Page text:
Periodically there’s a movie about an historical event or person and we argue about its accuracy. History itself is full of interpretations and historians themselves argue about which is truer. Maybe, though, when it comes to movies, the issue of historical accuracy is not the best criterion. Artistic freedom is another issue, one’s that’s usually cited in defense of whatever a point of view may be, as it is now with the movie Selma. It’s a powerful argument, one difficult to argue against. But does artistic freedom exist in a vacuum? Does it mean anything goes? Fresh from the Charlie Hebdo attack and murders it is a question some are asking. In that case Charlie Hebdo may not be a good example, because as a newspaper its mission in essence is to provoke everyone and bait anything. Exceptions aside, artistic freedom doesn’t erase the issue of social responsibility. And even when artists factor it in, it does not ensure there shall be no dissent, no criticism. John Adams, the composer of the opera “The Death of Klinghoffer” wanted to be responsible and portray both sides of an issue. Still the protest was strong enough the Metropolitan Opera had to cancel its scheduled HD broadcast of it a few months ago. Movies are such a powerful medium, the responsibility of the filmmakers ought to be even greater. Sometimes facts are altered to create drama, often a sign of a filmmaker’s limitations. But there’s a difference between bending facts and interpreting them. Filmmakers are people, as imperfect as the rest of us, and most of all entitled to their point of view. What I expect from a filmmaker is honesty and taking responsibility for his or her point of view. What I expect from a movie making a social statement is that its impact outweighs whatever flaws it might have.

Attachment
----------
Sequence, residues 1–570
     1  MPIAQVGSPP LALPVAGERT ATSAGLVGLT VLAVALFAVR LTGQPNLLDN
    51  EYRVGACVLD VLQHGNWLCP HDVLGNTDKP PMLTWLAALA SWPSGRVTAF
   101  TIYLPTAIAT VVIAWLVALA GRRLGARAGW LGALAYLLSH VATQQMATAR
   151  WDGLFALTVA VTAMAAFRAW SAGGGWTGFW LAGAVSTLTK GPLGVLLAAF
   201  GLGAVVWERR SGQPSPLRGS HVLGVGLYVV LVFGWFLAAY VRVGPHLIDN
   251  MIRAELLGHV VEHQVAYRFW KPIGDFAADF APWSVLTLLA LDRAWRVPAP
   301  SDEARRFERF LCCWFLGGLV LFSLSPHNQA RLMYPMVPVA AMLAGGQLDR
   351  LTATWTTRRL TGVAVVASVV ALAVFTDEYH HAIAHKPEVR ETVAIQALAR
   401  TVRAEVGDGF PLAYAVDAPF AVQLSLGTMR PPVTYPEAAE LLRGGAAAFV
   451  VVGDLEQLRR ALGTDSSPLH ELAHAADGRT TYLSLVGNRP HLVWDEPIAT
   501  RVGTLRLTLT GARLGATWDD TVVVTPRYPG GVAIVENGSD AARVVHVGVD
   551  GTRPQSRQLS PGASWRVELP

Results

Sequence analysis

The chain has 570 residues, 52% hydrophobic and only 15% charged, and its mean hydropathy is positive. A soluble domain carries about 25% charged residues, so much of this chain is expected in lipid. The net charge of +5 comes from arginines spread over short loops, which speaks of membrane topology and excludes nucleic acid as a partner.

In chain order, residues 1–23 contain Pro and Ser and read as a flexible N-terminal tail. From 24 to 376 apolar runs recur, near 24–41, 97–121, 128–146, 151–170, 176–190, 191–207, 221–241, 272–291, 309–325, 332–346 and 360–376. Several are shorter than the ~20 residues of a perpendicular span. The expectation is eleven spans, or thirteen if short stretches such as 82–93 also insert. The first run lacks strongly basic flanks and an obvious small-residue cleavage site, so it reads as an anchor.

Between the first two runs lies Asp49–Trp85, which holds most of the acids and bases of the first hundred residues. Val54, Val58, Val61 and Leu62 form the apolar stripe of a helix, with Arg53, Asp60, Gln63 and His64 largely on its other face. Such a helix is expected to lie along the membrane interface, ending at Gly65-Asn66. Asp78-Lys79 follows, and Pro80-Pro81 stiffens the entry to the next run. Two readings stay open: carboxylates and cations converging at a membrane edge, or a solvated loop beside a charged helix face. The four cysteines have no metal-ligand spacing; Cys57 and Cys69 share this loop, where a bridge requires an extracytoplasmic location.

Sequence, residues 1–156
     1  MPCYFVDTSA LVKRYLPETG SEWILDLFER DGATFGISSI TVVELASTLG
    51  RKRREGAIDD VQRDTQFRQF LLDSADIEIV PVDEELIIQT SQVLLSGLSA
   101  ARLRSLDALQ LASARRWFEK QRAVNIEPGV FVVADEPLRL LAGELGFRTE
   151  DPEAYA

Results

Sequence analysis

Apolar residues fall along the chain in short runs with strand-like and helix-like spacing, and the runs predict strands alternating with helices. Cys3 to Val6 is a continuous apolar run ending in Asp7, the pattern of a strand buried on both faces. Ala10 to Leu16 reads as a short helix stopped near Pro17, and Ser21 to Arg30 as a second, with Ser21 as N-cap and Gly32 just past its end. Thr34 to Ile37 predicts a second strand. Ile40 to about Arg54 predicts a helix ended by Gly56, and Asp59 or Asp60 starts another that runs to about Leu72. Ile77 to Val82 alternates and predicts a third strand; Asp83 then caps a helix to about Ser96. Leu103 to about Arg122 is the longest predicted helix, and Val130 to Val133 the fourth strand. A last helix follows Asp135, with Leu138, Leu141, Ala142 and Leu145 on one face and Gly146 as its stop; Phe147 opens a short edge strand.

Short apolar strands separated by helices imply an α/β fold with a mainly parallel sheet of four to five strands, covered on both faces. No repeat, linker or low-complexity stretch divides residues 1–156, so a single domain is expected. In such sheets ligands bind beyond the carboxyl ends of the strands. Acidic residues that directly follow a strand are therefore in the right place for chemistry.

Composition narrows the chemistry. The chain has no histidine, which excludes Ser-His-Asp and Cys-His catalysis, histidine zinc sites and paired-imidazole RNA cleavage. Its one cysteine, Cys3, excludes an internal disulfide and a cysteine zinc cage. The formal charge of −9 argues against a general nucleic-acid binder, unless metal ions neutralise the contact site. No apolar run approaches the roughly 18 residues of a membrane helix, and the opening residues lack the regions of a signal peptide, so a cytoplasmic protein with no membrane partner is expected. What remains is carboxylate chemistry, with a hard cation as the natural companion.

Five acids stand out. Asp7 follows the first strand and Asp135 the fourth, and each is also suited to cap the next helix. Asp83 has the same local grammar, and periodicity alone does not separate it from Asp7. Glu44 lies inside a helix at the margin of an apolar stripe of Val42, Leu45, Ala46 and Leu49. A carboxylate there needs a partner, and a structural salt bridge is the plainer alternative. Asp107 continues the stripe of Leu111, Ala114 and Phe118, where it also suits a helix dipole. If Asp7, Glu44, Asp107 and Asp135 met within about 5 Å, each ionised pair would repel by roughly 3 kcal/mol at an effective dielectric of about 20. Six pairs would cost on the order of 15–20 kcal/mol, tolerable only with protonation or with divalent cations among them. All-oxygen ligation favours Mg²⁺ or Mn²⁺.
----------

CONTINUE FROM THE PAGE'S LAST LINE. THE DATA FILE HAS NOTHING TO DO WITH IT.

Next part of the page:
With Selma, therefore, the issue ought not to be whether LBJ is portrayed accurately, but whether the director is open about her point of view and whether the movie’s message and importance are bigger than its controversy—or its flaws.